- Publicity. As always, our publicity for the courses is poor. They tend to be subsumed into the technical program, and it is difficult to figure out what is a tutorial/training course and what is not. Part of this is due to how the Advance Program has changed: there used to be a separate section highlighting the training program and the courses, and it’s not there anymore. Part of this is due to a change in format: I’m of the strong belief that our move to electronic notification methods makes publicity in general less effective. People ignore email blasts and web pages except when they are seeking information. At least with mailed advance programs, if the target wasn’t interested, they could put it on a board or hand it to a colleague.
- Growth of the Field. When ACSAC started back in the late 1980s, it was one of three major computer security conferences: ACSAC, IEEE (Oakland), and the NCSC. Today? There are hundreds and hundreds of conferences, each providing their own aspect of training. There are also online webinars, courses at local universities, and such. People don’t need to go to ACSAC to get their training, especially in a short course format for which they pay $$$.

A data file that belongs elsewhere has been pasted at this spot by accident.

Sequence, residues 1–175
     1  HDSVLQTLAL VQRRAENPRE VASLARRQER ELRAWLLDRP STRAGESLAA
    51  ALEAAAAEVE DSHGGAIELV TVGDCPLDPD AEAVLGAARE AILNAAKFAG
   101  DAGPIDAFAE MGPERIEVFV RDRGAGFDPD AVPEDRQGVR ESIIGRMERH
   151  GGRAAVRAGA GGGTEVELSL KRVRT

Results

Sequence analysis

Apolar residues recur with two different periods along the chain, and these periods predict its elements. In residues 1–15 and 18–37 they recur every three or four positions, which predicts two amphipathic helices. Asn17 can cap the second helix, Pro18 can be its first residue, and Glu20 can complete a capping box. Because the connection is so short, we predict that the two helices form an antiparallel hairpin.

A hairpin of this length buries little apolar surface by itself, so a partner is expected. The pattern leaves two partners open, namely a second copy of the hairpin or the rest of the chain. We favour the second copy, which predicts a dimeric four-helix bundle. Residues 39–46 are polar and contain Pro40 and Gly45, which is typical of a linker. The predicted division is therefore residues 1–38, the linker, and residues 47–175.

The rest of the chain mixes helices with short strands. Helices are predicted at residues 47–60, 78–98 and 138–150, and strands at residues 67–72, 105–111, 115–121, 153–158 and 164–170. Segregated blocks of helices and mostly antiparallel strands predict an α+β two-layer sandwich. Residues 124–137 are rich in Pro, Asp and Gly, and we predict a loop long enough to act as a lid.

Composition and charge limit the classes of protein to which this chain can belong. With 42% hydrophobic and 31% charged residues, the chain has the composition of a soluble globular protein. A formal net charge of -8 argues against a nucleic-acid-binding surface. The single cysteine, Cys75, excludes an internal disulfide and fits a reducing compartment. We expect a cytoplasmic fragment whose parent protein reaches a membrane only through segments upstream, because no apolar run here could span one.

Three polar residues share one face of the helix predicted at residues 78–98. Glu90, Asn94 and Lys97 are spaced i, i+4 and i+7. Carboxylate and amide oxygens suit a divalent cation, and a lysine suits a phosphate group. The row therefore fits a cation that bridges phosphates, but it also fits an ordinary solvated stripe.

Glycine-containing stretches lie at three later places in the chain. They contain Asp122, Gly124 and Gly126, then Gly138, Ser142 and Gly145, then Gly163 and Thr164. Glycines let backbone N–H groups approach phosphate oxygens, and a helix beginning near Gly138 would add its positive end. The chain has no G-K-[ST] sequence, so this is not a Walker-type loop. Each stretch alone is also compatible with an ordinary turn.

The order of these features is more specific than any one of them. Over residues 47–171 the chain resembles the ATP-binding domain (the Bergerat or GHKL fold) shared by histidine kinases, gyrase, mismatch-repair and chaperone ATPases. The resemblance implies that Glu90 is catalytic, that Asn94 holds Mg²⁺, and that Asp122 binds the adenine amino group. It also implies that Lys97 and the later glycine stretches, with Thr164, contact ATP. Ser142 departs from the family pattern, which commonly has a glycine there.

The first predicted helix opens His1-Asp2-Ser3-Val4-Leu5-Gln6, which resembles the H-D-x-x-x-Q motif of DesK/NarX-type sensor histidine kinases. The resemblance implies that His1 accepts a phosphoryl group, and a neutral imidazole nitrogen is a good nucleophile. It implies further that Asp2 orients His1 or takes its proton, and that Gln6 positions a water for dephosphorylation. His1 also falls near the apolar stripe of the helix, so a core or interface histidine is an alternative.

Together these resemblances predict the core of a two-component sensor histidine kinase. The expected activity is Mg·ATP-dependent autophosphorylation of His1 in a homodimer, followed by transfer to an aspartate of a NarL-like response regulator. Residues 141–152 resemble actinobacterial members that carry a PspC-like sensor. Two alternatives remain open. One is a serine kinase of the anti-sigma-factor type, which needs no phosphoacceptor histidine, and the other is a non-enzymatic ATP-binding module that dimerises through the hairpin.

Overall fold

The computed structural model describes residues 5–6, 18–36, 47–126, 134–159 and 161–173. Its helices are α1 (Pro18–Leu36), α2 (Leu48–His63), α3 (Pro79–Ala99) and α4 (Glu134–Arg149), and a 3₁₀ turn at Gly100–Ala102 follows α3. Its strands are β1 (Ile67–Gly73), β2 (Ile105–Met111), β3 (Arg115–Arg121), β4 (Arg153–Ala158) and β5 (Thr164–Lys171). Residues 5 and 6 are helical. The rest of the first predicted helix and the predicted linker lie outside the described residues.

- Changing Budgets. Related to the last point is the change in budget. It is harder and harder for commercial contractors, defense contractors, and government to get funds to go to conferences. When they do, they need to be able to get something they can’t get elsewhere. That’s certainly true for the technical program–you only get the papers at the conference. That’s also true for workshops, where there is interaction with others in the field. Training courses? As noted above, those are increasingly available. With tighter budgets, it is harder to justify travel dollars for courses, even with CISSP requirements.
- Changing Audience. One problem the conference has had is a changing audience. We’re working to fix that, but right now, the conference has become more academic. Contractors and government need tutorials to keep abreast of a changing field (and to maintain their CISSPs). Academics? Much less so. As the conference has become more academic, I believe the interest of that side for tutorials has gone down.
So what should the conference do about the situation. I haven’t fully worked that out yet. We already have an effort underway to restore the mix of the conference. Hopefully, this will increase the participation of industry and government. Doing that should help out the training courses some. Beyond that, however, what should we do? Here are some ideas: